“Sometime around noon the Prussian lines began to waver. While our infantrymen exchanged fire, we swept around their northern flank and launched an attack to cut them off. A bullet grazed my head during the charge.” Fouchet removed his plumed cap and traced his finger over a badly healed scar that ran across his left temple and disappeared into his dark hair. “I fell off the horse, struck my head on something hard and lost consciousness.
“When I opened my eyes the sun was already setting. At first I could not remember where I was. My head throbbed and there was caked blood stuck to my cheek, all over the collar of my tunic. The world spun in a slow circle and eerie colors floated before my eyes. I sat up until I regained my senses. When the scene around me came back into focus, I wished to God it hadn’t.
“I have seen many a battlefield after the cannons and muskets have gone quiet. War is no parade of elegant uniforms and gleaming sabers and bayonets to the merry beat of the marching drum. But this… Among the scattered bodies walked legions of ghouls, falling upon the wounded and dying in a bestial frenzy of claws and teeth. Most wore peasant garb, but I saw the brown coats of our chasseurs and the deep blue of the infantry among them. Prussian colors too. Later I would learn how this could come to be – how a bite from one of the things can affect a living man or woman, no matter how grievously wounded, turn them into a walking cadaver. But at the sight of what I took to be soldiers, feeding on the flesh of the fallen like ravening beasts, my brain screamed inside my skull, threatening to escape into madness.
“There was a strangled, inhuman noise to my right. Among the dead bodies surrounding me one was moving: it was one of our fantassins, infantrymen, crawling toward me on his hands and elbows. At first I though him wounded and in need of help. Then I saw he had been cut in two by canister-shot, his lower body lay several yards behind him. He crawled toward me, this man who was not, could not be alive, his hands clawing through the mud, baring his teeth – what was left of them, for a stray ball had taken his lower jaw clean off his face – and trailing his insides behind him. He must have been bitten by one of things in his very last moments, for a bite-wound gleamed fresh crimson from his shoulder.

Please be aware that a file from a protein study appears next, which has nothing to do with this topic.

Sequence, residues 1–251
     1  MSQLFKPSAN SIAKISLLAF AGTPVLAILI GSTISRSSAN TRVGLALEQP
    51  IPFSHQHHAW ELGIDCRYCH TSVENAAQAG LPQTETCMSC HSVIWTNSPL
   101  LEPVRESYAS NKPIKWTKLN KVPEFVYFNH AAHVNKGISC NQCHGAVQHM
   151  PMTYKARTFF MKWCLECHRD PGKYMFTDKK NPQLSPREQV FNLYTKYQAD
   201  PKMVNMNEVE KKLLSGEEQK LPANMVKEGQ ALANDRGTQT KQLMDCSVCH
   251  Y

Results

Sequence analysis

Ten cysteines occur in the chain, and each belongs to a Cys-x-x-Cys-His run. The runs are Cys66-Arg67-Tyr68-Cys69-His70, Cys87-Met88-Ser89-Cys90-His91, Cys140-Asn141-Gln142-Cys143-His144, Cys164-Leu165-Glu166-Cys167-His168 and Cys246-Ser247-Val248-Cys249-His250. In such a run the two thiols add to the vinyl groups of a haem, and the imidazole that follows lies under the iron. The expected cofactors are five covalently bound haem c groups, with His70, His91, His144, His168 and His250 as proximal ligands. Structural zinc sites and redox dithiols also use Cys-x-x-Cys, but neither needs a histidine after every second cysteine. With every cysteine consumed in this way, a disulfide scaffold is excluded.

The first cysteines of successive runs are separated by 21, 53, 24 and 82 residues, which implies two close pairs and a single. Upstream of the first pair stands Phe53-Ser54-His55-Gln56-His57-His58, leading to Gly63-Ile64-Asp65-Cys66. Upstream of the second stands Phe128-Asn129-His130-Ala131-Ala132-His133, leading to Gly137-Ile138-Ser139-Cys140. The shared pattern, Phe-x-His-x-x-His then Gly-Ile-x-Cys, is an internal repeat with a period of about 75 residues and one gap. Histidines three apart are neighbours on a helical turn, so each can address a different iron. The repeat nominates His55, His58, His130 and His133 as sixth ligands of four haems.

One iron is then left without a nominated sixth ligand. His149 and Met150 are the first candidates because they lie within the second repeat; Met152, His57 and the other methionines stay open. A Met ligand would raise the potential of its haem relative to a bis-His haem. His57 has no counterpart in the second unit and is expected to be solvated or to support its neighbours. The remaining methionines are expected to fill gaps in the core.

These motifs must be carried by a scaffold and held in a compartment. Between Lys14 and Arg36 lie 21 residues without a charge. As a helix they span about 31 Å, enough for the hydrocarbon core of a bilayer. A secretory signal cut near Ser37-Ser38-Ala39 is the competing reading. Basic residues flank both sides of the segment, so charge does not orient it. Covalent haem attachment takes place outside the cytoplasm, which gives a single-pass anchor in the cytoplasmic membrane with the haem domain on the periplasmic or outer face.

“Through the cold mud and the piles of corpses this aberration of Nature’s laws dragged itself in my direction with relentless alacrity. Slow as its motions were, it was almost upon me. My mind was paralyzed, my limbs leaden and numb. I would have given up – death would’ve been a welcome respite from this vista painted by the Devil himself – but the thought of being dead, yet not dead, of becoming one of the creatures spurred me to action. I cast a frantic look around and saw the gleam of metal behind me: a bayonet on a rifle clutched in the grip of a dead soldier.
“I groped for it and managed to wrest it from the cold, stiff fingers just as the crawling monstrosity approached. It raised itself on one arm to allow the other one to secure a better purchase on my trouser-leg. Its exposed innards glistened purple and grey in the dusk. I raised the rifle and drove the bayonet-point through one of its jaundiced, blood-streaked eyes with all my might. I stabbed it over a dozen times, running the blade through the softened flesh over and over until it moved no more.
“By now the battlefield was swarming with the things, the freshly bitten rising to swell their ranks. I scrambled to my feet and salvaged some weapons and powder from the dead around me. Then I took off at a run, aiming for a copse of trees in the distance. Anything still breathing, but too weak or wounded to escape fell victim to the creatures. I ran and I ran and the ghouls tried to seize me, but they were too slow. Soon I’d left the battlefield behind me.”
“Were you the only survivor?”
“No. I saw others. Men running for the shelter of the village, some riding on horseback. My legs ached and my lungs burned for air, but I made it to the line of trees. At first I cursed myself for not following the others to the village. Here I was hungry and it was bitterly cold. But to stay in the village would have invited death, with its streets teeming with the creatures. A wave of blackness overcame me as night descended. I could not explain what I had seen, it defied reason, defied God. Twice I took a pistol out of my belt and contemplated shooting myself: the touch of metal against one temple, a pull on the trigger. But twice I put it back. It’s hard to think about death when one is alive, especially death at your own hand.